From there, you should be able to determine if it’s a cost-effective service. Also, bear in mind that if you have the ability to have your real property (surface, minerals, and royalties) evaluated and appraised, then you can also have that done by a MM or MMC.



Is it Worth Hiring a MM or MMC for Non-Producing Properties?


For non-producing properties, it’s probably not worth hiring a MM or MMC as there may not be much to manage unless at some point you’re approached by a landman, broker, or an oil company to buy your lease.


Then and only then, would I say it’s worth looking into hiring a MM or MMC. Depending on how much acreage you own and how much money you stand to receive from any lease bonus received, it may or may not be worth hiring one.


For example, if you own 5 acres and they only stand to make $1,000.00/ac for a total of $5,000.00, it might not be worth it unless the cost associated with consulting or hiring an MM or MMC was minimal.


However, if you own 5 acres and stand to make $10,000.00/ac for a total of $50,000.00, it would definitely be worth it to consult or hire an MM or MMC. With the larger payout, it could be beneficial for you to hire a MM or MMC that is ready to go with the necessary resources to manage your interest reliably and effectively so you don’t have to, even if it’s just for a short period of time.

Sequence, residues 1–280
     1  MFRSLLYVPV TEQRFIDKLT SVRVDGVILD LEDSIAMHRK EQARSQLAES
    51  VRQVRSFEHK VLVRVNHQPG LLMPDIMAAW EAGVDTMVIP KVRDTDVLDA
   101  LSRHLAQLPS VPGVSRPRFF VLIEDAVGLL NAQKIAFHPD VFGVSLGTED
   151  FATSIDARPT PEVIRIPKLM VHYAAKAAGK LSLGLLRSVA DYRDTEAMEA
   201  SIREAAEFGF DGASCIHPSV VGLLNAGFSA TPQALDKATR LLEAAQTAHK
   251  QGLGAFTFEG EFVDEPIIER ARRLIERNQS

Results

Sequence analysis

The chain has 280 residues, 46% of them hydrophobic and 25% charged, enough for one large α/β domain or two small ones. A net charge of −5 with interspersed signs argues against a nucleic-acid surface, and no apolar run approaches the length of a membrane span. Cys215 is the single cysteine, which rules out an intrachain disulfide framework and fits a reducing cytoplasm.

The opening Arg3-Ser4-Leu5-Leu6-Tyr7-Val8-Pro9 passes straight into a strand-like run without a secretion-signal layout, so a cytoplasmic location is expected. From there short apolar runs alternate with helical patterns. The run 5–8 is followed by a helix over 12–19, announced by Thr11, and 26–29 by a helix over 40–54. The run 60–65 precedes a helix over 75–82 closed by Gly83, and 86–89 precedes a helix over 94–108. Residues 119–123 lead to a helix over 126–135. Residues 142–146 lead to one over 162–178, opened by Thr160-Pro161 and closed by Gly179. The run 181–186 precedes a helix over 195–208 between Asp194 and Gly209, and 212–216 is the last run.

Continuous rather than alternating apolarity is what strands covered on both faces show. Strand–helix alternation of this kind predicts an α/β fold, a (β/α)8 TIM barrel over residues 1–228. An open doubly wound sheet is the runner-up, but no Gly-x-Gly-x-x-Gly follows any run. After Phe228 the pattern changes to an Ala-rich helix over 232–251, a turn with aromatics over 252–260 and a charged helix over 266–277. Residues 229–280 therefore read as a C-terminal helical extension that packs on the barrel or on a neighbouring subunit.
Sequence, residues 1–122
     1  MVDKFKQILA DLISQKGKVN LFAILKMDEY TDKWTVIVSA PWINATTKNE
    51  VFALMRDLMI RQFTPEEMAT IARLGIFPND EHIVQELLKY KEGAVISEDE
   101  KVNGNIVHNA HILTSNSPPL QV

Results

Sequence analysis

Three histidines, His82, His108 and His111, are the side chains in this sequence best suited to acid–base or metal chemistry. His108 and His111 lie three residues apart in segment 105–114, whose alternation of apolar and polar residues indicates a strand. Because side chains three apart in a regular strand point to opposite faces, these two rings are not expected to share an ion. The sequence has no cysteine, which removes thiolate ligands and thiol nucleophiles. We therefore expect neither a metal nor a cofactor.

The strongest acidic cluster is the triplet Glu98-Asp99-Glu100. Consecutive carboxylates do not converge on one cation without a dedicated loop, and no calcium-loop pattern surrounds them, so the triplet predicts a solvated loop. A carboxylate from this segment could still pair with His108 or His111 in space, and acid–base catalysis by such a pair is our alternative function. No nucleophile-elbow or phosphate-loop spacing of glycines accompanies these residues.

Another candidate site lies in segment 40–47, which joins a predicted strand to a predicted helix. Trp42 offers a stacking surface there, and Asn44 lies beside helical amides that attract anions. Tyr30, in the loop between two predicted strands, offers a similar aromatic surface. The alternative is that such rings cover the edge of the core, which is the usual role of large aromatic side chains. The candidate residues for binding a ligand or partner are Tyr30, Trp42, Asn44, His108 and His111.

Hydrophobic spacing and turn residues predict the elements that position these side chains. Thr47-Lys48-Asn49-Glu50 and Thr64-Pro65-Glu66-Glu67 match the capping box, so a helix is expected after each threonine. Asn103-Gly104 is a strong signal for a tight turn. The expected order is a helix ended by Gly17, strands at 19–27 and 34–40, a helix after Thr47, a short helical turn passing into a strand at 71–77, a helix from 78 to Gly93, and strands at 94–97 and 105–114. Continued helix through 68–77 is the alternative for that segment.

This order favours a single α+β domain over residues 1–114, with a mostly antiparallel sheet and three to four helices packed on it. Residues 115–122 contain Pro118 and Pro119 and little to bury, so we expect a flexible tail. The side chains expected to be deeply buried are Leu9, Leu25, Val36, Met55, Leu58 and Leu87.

If you are approached to lease your minerals, it would definitely be a good idea to have an MM or MMC assist you in negotiating and getting the best lease terms possible.


It is possible this may only take place once so doing it right and getting the best deal you could get will definitely be important, potentially for years to come.


It's beset to find out how much a MM or MMC would cost you and weigh that against how much you stand to receive and if you feel it is worth it.


In the latter example with the $50K payout, you may only need to hire them briefly to assist in negotiating a good lease form. Once you receive a division order from an Operator, or some other notification that your acreage is going to be drilled, that could be another point in which I would hire a MM or MMC and keep them around for a while after you start receiving royalty checks to ensure you are being paid fairly and correctly based on the terms and conditions of your lease agreement.



Is There a Minimum to How Much My Property Needs to be Producing for it to be Worth hiring a MM or MMC?


Hard to say exactly - there may be a minimum where it is not worth it to hire a MM or MMC. You must weigh the cost vs. the benefit to know if it would be worth it.



How Much, How Do They Charge and What Do I Get For My Money?